How can I color encode depth information of a greyscale 3-D image?

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Aaron Woods el 12 de Oct. de 2022
Comentada: Image Analyst el 13 de Oct. de 2022
% Get useful information about the stack
[height, width, depth] = size(stack);
% Useful for Color encoding the stack in 3D
colorMap = jet(depth); % This is a 121x3 matrix of RGB values
% Convert each frame in the stack into a unit8 image with each frame corresponding to the colorMap values
stack_color = stack;
for i = 1:depth
maxVal = max(max(stack_color(:,:,i))); % Find the maximum value in the frame
minVal = min(min(stack_color(:,:,i))); % Find the minimum value in the frame
% Normalize the frame to the range [0,1]
stack_color(:,:,i) = (stack_color(:,:,i) - minVal)/(maxVal - minVal);
% Color encode the stack to a unit8 image
stackRGB(:,:,1,i) = uint8(colorMap(i,1)*255*stack_color(:,:,i)); % Red channel
stackRGB(:,:,2,i) = uint8(colorMap(i,2)*255*stack_color(:,:,i)); % Green channel
stackRGB(:,:,3,i) = uint8(colorMap(i,3)*255*stack_color(:,:,i)); % Blue channel
end
% Create maximum intensity projections
stackMIP = max(stackRGB,[],4); % This is the MIP of the color encoded stack
MIP = max(stack,[],3); % This is the MIP of the grayscale stack
This is the code I've writen but I have an issue with it.
The output is this.
Dark intensity values seem to just go away entiirely. How can change this code, so that the brightness of each slice becomes a brightness for that color? Essentially I want to create something like the depth encoding feature in ImageJ.
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Aaron Woods el 12 de Oct. de 2022
I am using imshow()

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Respuestas (2)

Walter Roberson el 12 de Oct. de 2022
Suppose you were to take the furthest slice and select a Hue for it and use the grayscale information as the Saturation, and use a constant Value, and image() that with an AlphaData property that is less than 1. Then likewise for the second furthest with a different hue, image() it on top of the previous image, and so on onto you have overlaid all of the images. Or, instead of constructing so many image() objects, you could mathematically calculate the result of overlaying the images and then image() only the final result. As a modification of the process you might do some kind of background detection on each slice and set the alpha information to 0 for the background locations.
Or instead of using image(), you could use a surface() with texture mapping; warp makes that convenient. If you do that with different Z values for the different slices, the result you get would be something you could rotate in 3 space. (You cannot rotate image() objects in 3-space, they will disappear.)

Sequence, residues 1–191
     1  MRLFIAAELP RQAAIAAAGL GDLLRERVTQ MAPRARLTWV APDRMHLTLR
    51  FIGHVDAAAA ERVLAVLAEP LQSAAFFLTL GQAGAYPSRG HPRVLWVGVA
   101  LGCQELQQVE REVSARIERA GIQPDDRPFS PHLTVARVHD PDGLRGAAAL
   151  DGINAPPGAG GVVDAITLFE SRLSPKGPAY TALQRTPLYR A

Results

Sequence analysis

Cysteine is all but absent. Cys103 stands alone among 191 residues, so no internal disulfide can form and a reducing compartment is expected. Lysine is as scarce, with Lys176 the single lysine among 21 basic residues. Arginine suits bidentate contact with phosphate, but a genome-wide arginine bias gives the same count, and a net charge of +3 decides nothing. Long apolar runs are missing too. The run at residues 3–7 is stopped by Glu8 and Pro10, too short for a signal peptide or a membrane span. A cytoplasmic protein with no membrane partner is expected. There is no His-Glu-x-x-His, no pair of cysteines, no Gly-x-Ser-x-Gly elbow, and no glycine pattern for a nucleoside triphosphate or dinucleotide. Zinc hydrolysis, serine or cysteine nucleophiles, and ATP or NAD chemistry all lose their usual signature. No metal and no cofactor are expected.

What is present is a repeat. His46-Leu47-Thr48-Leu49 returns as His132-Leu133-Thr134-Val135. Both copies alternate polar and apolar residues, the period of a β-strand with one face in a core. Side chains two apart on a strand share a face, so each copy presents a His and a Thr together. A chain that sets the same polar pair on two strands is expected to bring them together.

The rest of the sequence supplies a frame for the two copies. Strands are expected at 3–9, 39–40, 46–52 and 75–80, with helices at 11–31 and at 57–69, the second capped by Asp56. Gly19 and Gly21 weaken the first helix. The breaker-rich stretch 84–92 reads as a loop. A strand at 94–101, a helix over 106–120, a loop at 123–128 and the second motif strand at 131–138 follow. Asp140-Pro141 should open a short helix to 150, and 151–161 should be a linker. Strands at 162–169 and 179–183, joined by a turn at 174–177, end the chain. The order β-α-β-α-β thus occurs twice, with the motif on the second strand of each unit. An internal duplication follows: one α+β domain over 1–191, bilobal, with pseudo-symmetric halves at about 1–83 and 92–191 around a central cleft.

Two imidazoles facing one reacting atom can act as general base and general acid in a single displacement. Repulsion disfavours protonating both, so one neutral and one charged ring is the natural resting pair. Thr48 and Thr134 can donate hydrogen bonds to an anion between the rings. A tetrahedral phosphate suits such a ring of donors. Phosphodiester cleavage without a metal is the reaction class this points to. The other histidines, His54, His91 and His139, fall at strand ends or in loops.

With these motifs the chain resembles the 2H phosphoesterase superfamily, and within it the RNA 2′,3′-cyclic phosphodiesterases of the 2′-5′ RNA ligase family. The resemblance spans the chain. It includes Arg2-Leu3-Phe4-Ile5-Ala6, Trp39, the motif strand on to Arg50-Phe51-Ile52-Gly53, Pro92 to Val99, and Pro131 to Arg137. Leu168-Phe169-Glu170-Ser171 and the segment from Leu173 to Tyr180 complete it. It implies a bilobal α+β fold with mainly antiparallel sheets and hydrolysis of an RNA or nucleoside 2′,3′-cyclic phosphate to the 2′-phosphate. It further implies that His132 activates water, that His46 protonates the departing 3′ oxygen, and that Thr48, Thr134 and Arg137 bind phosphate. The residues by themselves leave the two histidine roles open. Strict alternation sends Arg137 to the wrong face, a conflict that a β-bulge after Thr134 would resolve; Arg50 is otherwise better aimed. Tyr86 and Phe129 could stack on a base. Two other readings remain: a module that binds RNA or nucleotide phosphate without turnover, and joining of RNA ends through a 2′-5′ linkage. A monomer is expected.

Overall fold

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Aaron Woods el 12 de Oct. de 2022
I'm excited to try the three methods you wrote, but can you provide a bit more with how I'd go about this?

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Image Analyst el 12 de Oct. de 2022
Editada: Image Analyst el 13 de Oct. de 2022
If the "stack" image is a volumetric image with zeros except where there is material, you can use min() to find the slice number of the first non-zero slice by setting zeros to inf and using
volumetricImage3d(volumetricImage3d==0) = inf;
[values, topSlices] = min(volumetricImage3d, [], 3);
Now it's simply an indexed image and you can apply a colormap as usual.
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Image Analyst el 13 de Oct. de 2022
Let's say you had a 2 voxel by 2 voxel by 3 slice image, with the top voxel in slice 1 in the upper left, the top voxel in slice 2 in the upper right, and the top voxel in slice 3 in the lower left,
slice1 = [130, 0;
0, 0];
slice2 = [0, 34;
0, 0];
slice3 = [0, 0;
190, 0];
volumetricImage3d = cat(3, slice1, slice2, slice3)
volumetricImage3d =
volumetricImage3d(:,:,1) = 130 0 0 0 volumetricImage3d(:,:,2) = 0 34 0 0 volumetricImage3d(:,:,3) = 0 0 190 0
mask(:,:,1) = 0 1 1 1 mask(:,:,2) = 1 0 1 1 mask(:,:,3) = 1 1 0 1
volumetricImage3d =
volumetricImage3d(:,:,1) = 130 Inf Inf Inf volumetricImage3d(:,:,2) = Inf 34 Inf Inf volumetricImage3d(:,:,3) = Inf Inf 190 Inf
[~, topSlices] = min(volumetricImage3d, [], 3)
topSlices = 2×2
1 2 3 1
topSlices tells you which slice contained the first non-zero voxel value. Now topSlices has 1 in the upper left, 2 in the upper right, and 3 in the lower left. The lower right column was all zeros, so the "top" slice in that case is slice 1, though there actually in no voxel in that column with a non-zero value.

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